What is diabetes?
Diabetes is caused by a lack of the hormone insulin, or a lack of response to it. Insulin is produced by special cells in the pancreas called beta-cells. It is produced then released into the blood after a meal when levels of glucose increase in the blood, and allows glucose to be taken up by cells in the body and used for energy. This maintains normal levels of glucose in the blood. Lack of insulin, or lack of response to it, causes blood glucose levels to rise (hyperglycaemia) and cells will not be able to use glucose efficiently for energy.
Untreated or unstable diabetics may break down fat into ketone bodies, an emergency fuel. This creates byproducts causing the bloodstream to become more acidic (acidosis), leading to a fluid imbalance. If left untreated, this “diabetic ketoacidosis” is fatal.
There are two main types of diabetes, and this is where dogs and cats start to differ and it gets complicated:
Type-1 diabetes (insulin-dependent) is the most common type seen in dogs. Beta-cells of the pancreas fail to produce insulin, resulting in the high blood sugar levels (hyperglycemia). Most commonly this is due to an abnormal immune response, leading to irreversible damage to the cells, but it can be due to chronic pancreatitis or exhaustion of the beta-cells from type-2 diabetes.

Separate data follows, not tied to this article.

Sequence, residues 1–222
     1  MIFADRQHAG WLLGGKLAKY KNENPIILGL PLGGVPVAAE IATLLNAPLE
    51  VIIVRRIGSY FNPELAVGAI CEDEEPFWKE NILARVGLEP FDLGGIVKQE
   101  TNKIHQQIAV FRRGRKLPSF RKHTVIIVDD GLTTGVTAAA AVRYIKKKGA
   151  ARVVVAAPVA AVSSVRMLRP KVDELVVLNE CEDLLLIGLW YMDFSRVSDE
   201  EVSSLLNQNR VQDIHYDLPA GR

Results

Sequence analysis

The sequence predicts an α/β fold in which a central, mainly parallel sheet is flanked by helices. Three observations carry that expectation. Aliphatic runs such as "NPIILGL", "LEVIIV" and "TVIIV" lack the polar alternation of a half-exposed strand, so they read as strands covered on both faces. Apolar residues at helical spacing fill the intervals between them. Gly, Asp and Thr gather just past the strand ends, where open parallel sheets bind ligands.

Type-2 diabetes is most common in cats. A combination of abnormalities within the pancreas reducing insulin production, and insulin resistance (where cells do not respond normally to insulin), causes diabetes. Over time the beta-cells may become exhausted, or destroyed, leading to type-1 type diabetes. Chronic pancreatitis is linked to diabetes in cats.
Insulin resistance can be seen with Cushing’s Disease (excess production of cortisol) mainly in dogs, or acromegaly (excess growth hormone production) in cats, or long term administration of certain medications like glucocorticoids in both. In female dogs progesterone can also lead to insulin resistance.
In cats, insulin resistance is most commonly caused by obesity. The rise in diabetes in cats is probably related to the rise in obesity. Obesity increases the risk of diabetes four-fold in cats, and 60% of obese cats will become diabetic over time.
Older male cats are thought to be more susceptible whereas female dogs are twice as likely as males to be diabetic. Certain breeds such as miniature poodles, Dachshunds, Schnauzers, Cairn terriers, and Beagles are more susceptible.
What signs might my pet have?
- Increased urination, because sugary urine draws water out with it.
- Excessive thirst, because the body is trying to keep up with fluid loss.
- Increased hunger, because the body thinks it’s starving.
- Weight loss occurs because the sugar in the diet can’t be used without insulin, so is lost in the urine. The body also starts to break down fat reserves in response to a lack of calories.
- Many animals develop cataracts.
- If undiagnosed or uncontrolled ketoacidosis can occur. These pets will be lethargic, have a poor appetite and may vomit.
How is diabetes diagnosed?